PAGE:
USA Hockey ‘Support Our Troops’ Helmets Violate Olympic Spirit
The goalies for the U.S. Olympic hockey team have been told to remove slogans on their facemasks.
U.S. netminder Jonathan Quick will be ordered to remove the slogan ‘Support Our Troops’ from his helmet for contravening Olympic rules on political propaganda, the International Ice Hockey Federation (IIHF) said on Monday. Netminder Ryan Miller, Quick’s team mate, has also been told to remove the slogan ‘Miller Time’ from his helmet while the third American netminder Tim Thomas had already placed a sticker over a slogan on his mask during training on Monday.
“We will inform the American team and their equipment managers that this is a violation of IOC rules,” IIHF spokesman Szymon Szemberg told Reuters. “According to IOC rule 51, no political propaganda or advertisements are allowed on equipment. “It the players don’t agree with the interpretation they can ask the USOC (United States Olympic Committee) to petition the IOC.”
While IOC rules are clear, the IIHF was not so certain whether the slogan on Quick’s helmet was political propaganda or simply offering moral support. “If we go too hard on that we could be seen as insensitive,” said Szemberg.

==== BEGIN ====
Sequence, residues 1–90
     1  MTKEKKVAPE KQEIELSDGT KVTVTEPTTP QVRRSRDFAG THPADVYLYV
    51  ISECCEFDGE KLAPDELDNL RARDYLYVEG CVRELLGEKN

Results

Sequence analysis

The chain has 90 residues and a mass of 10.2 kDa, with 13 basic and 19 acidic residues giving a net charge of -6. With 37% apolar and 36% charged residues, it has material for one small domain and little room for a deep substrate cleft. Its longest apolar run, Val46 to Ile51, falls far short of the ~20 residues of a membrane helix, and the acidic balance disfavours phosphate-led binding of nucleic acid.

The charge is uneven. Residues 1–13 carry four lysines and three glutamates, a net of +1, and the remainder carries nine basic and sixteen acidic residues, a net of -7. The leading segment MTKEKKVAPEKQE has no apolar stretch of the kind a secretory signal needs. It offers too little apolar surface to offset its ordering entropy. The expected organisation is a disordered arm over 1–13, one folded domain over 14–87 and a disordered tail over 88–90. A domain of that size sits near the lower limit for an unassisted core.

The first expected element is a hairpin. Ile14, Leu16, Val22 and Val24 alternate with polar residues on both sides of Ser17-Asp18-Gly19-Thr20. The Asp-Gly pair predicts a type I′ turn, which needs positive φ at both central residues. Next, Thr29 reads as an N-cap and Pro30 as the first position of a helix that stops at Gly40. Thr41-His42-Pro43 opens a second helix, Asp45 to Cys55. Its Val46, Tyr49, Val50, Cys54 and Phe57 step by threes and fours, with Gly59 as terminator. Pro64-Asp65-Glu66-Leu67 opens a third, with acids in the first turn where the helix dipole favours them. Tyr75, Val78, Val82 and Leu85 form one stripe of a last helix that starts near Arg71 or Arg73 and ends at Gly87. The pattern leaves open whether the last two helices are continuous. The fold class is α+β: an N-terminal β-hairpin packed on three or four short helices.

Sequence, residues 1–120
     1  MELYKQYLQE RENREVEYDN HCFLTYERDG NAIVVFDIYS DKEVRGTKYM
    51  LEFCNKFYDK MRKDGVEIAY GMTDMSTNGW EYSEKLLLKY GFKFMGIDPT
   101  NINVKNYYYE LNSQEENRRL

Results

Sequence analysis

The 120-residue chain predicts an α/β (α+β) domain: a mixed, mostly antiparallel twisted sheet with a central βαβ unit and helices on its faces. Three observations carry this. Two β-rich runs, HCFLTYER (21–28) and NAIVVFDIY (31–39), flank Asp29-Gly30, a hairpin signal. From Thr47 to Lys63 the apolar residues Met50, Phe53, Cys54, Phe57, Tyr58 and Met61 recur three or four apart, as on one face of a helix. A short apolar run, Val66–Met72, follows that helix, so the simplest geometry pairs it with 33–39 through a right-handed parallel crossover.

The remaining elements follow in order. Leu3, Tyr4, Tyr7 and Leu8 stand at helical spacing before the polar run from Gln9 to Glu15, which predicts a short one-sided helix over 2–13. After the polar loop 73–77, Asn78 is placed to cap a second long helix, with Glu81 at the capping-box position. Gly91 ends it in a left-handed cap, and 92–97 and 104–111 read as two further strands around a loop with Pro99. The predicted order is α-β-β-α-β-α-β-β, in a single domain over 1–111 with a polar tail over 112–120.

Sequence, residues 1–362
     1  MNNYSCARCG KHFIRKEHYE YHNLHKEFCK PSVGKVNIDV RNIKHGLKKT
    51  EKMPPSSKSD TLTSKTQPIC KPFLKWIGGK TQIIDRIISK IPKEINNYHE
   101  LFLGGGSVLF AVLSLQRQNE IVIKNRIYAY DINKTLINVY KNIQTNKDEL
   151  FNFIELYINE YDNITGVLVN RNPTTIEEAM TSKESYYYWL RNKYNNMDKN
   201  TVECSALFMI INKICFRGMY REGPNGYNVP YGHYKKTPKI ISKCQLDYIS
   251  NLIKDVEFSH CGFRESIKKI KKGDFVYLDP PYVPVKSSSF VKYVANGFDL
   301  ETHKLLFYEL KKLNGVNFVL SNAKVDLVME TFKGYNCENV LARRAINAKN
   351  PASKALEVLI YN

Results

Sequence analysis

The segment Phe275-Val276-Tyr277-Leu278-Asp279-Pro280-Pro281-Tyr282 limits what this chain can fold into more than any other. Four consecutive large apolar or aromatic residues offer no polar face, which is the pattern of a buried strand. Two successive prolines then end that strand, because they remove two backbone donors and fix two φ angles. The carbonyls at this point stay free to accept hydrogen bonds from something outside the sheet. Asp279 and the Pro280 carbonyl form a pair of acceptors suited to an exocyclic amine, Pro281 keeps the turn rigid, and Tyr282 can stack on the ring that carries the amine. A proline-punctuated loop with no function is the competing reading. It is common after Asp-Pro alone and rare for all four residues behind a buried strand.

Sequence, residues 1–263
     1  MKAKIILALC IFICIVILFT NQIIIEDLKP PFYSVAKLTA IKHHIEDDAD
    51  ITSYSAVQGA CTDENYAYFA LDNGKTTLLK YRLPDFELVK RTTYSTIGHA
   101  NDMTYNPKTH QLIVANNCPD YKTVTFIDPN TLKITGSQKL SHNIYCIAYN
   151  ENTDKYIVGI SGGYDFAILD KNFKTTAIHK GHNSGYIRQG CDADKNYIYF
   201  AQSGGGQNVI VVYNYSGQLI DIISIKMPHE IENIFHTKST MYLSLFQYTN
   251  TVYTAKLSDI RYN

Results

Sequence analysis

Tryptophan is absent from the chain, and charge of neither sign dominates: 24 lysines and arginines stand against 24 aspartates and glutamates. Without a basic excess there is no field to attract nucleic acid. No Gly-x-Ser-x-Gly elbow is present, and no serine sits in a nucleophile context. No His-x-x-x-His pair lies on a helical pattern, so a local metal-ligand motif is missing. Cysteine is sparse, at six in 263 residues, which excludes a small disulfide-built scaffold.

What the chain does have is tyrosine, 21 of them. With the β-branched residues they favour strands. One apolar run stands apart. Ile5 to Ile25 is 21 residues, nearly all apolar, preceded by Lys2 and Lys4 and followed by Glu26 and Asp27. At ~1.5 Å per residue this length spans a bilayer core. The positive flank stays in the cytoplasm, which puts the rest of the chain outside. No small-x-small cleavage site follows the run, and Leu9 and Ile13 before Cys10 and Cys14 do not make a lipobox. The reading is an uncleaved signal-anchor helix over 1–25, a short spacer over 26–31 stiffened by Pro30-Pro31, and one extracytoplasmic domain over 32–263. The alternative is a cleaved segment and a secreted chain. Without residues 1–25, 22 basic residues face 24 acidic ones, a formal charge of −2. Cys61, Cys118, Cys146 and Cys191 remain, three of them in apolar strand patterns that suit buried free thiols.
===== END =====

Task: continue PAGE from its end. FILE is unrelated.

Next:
Too late! Neptunus Lex is calling them “eejits,” along with the TSA bureaucrats who tried to force a 4-year-old boy to remove his leg braces to get through security.
But, actually,the IOC is right on this one. (Although I’d concur with Lex on the TSA boneheads.) Yes, a tradition has arisen in recent years allowing hockey goalies to personalize their helmets. But political and religious symbols are begging for trouble. I’m in rare agreement, then, with Alan Colmes who observes,
If you think this is patriotic because our troops are believed to be standing up for our Constitution and way of life, including the right to free speech, then you’d also have to support signage that says the opposite of that. Would it be okay to say, “Don’t support our troops”? How about, “Bring the troops home, now!”?
It’s better to simply declare that Olympic uniforms are expression-free zones than to open the floodgates. Ditto the Tim Tebows of the world and their Bible verse eyeblack patches.
There’s a reason these things are called “uniforms.” When you’re suited up, you’re representing your country, your university, or whathaveyou. If there’s going to be, say, a tribute to a departed teammate, put it on all the unies or none of them. And leave the political and religious sloganeering for your off time.